• The Canadian Triple Crown consists of the Queen's Plate, The Prince of Wales Stakes and the Breeders' Stakes.
    • Each of the three races is contested at the same distance as its US counterpart (in the same order)—but unlike the US Triple Crown races, all held on dirt, the Canadian races are held on three separate surfaces (Queen's Plate, artificial; Prince of Wales Stakes, dirt; Breeders' Stakes, turf). Also unlike their US counterparts, these are "restricted" races open only to Canadian-breds. The first and last legs are held at the same venue, namely Woodbine in Toronto.
  • The Japanese Triple Crown consists of the following races, all held on turf. Each is roughly equivalent to one of the English Triple Crown races.
    • Satsuki Shō (2,000 m, Nakayama) – Also known as the Japanese 2,000 Guineas; held in April. Longer than its English counterpart.
    • Tokyo Yūshun (2,400 m, Tokyo) – Also known as the Japanese Derby; held in late May or early June.
    • Kikka-shō (aka Kikuka-shō 3,000 m (about 1 7/8 miles), Kyotonote ) – Also known as the Japanese St. Leger; held in October.
  • Japan also has a distaff versionnote  of the Triple Crown, frequently nicknamed the Triple Tiara:
    • Ōka Shō (1,600 m, Hanshin) - aka Japanese 1000 Guineas; held in early April (right in the middle of sakura season, which gives the race its Japanese name, literally "Cherry Blossom Award")
    • Yūshun Himba (2,000 m, Tokyo) - aka Japanese Oaks; typically held in late May.
    • Shūka Shō (2,400 m, Kyotonote ) - held in late October.
    • Before 1996, the final leg of the Japanese Triple Tiara was the Queen Elizabeth II Cup (2,200 m, Kyotonote , mid-November). It's being held to this day, just opened to older fillies and mares as well. Not to be confused with the Hong Kong Group One race of the same name (which is open to all 3-year-olds and up).
  • Japan Cup (2,400 m) – Probably the best-known Japanese race outside the country, it is one of the world's richest races. Held in November on turf in Tokyo.
  • Arima Kinen (2,500 m, Nakayama) - If you don't consider the Japan Cup the best-known Japanese race outside the country, you most probably give this honor to Arima Kinen instead. It's notable in that the horses have to be voted for in a dedicated poll in order to participate. Also of note is that more money is bet on this race than any other in the world by a wide margin. It also marks the end of the racing season, being held at the end of December.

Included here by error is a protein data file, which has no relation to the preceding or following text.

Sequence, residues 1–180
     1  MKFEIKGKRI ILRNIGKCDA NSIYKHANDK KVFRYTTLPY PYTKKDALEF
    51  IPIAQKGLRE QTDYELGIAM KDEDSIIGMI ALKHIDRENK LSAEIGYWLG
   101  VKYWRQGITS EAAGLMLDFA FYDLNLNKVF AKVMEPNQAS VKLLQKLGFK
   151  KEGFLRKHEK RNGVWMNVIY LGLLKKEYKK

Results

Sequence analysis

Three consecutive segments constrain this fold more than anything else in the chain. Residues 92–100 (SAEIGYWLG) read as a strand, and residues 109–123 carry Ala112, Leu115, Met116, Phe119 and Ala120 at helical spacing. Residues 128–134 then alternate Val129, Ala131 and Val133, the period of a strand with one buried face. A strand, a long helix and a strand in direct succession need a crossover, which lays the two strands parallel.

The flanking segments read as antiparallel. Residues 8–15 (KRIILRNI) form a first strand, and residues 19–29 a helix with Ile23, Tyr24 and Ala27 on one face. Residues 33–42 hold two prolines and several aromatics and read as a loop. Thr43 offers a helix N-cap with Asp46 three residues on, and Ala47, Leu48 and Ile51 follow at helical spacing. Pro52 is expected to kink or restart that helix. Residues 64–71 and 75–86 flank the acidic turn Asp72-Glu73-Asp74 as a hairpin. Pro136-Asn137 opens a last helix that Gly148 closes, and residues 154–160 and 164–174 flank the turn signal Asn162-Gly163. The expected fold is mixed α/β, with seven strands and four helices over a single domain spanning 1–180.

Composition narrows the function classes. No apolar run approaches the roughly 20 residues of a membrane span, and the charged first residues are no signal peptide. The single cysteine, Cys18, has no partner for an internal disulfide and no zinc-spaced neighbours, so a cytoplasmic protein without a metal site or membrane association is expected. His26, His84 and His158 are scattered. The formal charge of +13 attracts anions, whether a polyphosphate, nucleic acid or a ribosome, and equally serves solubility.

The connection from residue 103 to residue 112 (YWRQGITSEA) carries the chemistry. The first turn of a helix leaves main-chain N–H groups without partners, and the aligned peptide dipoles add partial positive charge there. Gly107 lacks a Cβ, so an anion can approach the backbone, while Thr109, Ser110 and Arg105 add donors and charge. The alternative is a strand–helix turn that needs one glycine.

• Tokyo Daishoten (2,000 m on dirt, Ohi) - Dirt racing has historically enjoyed lesser prestige in Japantrivia , making this race a less-attended dirt equivalent of Arima Kinen (minus the popularity poll).

Horse Racing Honors and Awards

  • The Eclipse Awards, given in February, honor American horses which have excelled in particular categories. A horse which wins an Eclipse is a "champion".
    • The highest honor is the "Horse of the Year" award. It is generally awarded to males, but some notable females (All Along, Busher, Azeri, Lady's Secret, Rachel Alexandra, Zenyatta, and Havre de Grace) are on that rollnote . The incumbent (2022) Horse of the Year is Flightline.
    • Awards are also bestowed to breeders, owners, trainers, and journalists who have made exceptional contributions to the sport.
  • The European equivalents to the Eclipse Awards are the Cartier Awards. The 2022 European Horse of the Year is the British-bred and -trained Baaeed.
  • The Canadian equivalents are the Sovereign Awards.
  • The US has a Hall of Fame for accomplished trainers, owners, and jockeys. Most other racing countries have similar institutions.

Horse Racing Statistics

  • Highest earnings on the track: Possible claimants include the Japanese horse Orfevre (earnings translate to roughly $19.0 million) and the Australian horse Winx (over A$26 million; might equate to more than Orfevre, depending on the method used).
  • Longest winning streak since modern bookkeeping: 33 (Winx)
  • Longest unbeaten career (by wins) since modern bookkeeping: 25 (Australian horse Black Caviar)
  • Number of horses to win the U.S. Triple Crown: 13 (Sir Barton, 1919; Gallant Fox, 1930; Omaha, 1935; War Admiral, 1937; Whirlaway, 1941; Count Fleet, 1943; Assault, 1946; Citation, 1948; Secretariatnote , 1973; Seattle Slew, 1977; Affirmed, 1978; American Pharoah, 2015; and Justify, 2018)